Champions League 2013: Key Storylines for Borussia Dortmund vs. Bayern Munich

Joseph Zucker@@JosephZuckerFeatured ColumnistMay 2, 2013

MALAGA, SPAIN - APRIL 03:  Mario Gotze of Borussia Dortmund looks on prior to the UEFA Champions League quarter-final first leg match between Malaga CF and Borussia Dortmund at La Rosaleda Stadium on April 3, 2013 in Malaga, Spain.  (Photo by David Ramos/Getty Images)
David Ramos/Getty Images

Talk of a European power shift is a bit premature, but there's no doubting Borussia Dortmund and Bayern Munich are the best of the Champions League this season.

The 2013 Champions League final will be the first ever between two German clubs. After the way Bayern manhandled Barcelona and Dortmund dispatched Real Madrid, people are beginning to talk about how German football has usurped its Spanish cohort.

By the time of the final, Bayern and Dortmund will have played four times this season across the German league and cup competitions. Despite that, this is a highly anticipated final.

Much like Athletic Bilbao did last season, Dortmund has become the darling of European football.

And Bayern's reputation speaks for itself.

Aside from just the clubs, you've got two of the best German coaches around—Jupp Heynckes of Bayern and Jurgen Klopp of Dortmund—facing off. Heynckes would love to go out on top as it's already been announced Pep Guardiola will manage the club next season.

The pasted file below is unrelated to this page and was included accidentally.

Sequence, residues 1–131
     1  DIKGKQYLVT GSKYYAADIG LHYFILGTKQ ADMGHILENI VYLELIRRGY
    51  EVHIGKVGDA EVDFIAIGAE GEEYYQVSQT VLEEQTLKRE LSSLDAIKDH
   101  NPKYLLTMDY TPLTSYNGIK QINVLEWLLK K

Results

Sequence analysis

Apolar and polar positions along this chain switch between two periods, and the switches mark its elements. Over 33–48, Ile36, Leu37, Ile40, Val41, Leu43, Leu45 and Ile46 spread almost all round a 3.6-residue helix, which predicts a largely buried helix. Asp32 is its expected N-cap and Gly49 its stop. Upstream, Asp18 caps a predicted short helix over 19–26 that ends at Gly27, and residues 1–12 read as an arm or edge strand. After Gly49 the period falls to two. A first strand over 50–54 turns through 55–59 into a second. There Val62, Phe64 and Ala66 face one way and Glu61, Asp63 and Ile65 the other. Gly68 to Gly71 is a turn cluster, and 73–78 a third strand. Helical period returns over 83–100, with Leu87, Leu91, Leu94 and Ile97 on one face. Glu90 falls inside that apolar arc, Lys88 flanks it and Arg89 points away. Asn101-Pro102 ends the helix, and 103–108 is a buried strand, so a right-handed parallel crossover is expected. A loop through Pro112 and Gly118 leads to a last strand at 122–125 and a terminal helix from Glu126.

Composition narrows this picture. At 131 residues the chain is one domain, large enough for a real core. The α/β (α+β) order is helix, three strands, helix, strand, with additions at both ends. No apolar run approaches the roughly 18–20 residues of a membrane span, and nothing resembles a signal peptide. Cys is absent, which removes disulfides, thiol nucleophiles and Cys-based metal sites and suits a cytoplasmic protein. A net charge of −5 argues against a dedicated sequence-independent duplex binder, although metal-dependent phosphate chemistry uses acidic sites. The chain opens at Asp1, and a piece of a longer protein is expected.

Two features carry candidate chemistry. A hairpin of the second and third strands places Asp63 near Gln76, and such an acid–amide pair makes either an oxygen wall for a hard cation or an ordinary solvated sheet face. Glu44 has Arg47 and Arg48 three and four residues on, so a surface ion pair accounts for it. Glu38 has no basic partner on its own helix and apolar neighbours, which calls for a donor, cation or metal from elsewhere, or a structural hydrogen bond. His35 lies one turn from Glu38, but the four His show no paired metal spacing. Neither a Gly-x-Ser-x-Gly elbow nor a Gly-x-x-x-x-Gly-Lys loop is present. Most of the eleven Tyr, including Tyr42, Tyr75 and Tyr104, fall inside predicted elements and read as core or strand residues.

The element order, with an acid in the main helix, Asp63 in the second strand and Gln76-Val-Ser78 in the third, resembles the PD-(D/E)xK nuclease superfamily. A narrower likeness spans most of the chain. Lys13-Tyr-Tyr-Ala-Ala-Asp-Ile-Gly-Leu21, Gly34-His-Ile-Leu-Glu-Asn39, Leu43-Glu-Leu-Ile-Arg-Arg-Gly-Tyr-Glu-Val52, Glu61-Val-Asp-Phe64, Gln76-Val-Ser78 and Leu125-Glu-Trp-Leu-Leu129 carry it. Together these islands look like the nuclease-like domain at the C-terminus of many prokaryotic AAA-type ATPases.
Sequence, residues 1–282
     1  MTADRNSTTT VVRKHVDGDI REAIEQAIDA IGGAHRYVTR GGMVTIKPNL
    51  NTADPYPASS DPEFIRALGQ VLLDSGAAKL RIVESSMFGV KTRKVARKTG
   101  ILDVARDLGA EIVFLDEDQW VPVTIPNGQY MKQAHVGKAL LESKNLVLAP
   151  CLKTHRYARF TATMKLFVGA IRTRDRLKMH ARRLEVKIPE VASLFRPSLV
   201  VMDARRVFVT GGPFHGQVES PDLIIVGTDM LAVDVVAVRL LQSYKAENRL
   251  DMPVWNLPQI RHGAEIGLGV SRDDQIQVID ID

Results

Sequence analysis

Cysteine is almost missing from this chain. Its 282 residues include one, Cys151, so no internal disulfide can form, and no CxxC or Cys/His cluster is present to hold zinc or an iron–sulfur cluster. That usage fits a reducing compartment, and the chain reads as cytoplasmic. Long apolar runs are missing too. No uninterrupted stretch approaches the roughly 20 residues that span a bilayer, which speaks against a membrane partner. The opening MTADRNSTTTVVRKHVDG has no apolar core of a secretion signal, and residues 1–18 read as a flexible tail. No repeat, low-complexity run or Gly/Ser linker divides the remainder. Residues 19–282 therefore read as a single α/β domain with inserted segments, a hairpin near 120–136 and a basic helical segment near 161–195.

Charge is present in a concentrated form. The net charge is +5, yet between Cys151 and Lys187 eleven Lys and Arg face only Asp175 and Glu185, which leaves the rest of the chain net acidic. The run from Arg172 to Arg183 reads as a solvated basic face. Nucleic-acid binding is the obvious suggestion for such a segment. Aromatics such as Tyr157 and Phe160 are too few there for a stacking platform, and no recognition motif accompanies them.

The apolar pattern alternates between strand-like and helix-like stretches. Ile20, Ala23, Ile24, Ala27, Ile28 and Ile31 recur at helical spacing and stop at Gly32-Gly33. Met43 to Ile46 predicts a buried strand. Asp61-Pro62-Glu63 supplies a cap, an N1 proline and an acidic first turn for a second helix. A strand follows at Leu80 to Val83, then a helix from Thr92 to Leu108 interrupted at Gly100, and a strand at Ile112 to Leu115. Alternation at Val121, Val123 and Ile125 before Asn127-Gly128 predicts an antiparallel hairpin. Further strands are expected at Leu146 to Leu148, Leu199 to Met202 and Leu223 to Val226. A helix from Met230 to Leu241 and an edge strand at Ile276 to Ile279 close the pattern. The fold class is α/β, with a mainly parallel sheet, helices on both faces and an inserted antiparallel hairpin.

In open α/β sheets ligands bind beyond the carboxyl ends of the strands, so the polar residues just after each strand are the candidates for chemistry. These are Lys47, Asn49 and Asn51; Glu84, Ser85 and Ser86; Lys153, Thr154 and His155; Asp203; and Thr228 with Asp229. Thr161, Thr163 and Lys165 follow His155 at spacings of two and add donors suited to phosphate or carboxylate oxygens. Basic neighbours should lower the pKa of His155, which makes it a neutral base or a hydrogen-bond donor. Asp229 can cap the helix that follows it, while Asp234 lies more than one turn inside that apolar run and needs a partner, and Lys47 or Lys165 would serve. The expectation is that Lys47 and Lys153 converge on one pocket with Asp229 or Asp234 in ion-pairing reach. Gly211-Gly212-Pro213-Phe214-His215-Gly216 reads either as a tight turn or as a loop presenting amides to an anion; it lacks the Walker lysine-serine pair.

While those are some of the biggest storylines going into the match, here are some of the biggest to watch when the match actually kicks off on May 25.


The Health/Mindset of Mario Gotze

Mario Gotze has made himself a lightning rod going into the Champions League final. Prior to Dortmund's first-leg win over Real Madrid, news broke that he would be moving to Bayern Munich in the summer.

In his last match as a Dortmund player, he'll be playing against his future club.

Since he's a professional, there shouldn't be too much of a problem in terms of motivation. Gotze's been one of the biggest factors in the club reaching the final of the Champions League. He'd love nothing more than to win a medal with his teammates.

Of course, there's a very good chance Gotze won't even factor in the result. He had to come off after only 12 minutes in the second-leg loss to Madrid, and it's an injury that makes Gotze questionable for the final (h/t

The club's official match report described the injury as "a suspected torn muscle in his left thigh', and coach Jurgen Klopp told reporters the same late on Tuesday.

It is expected that the Germany international will be out for around three weeks, which would leave him facing a battle to be fit in time for the Champions League final on May 25.

It's going to be a major uphill battle for Dortmund should it be missing a playmaker like Gotze. This match will likely be won in the midfield, so Klopp will likely have to do some major tinkering to offset Gotze's loss.


How Does Dortmund Answer the Combo of Martinez and Schweinsteiger?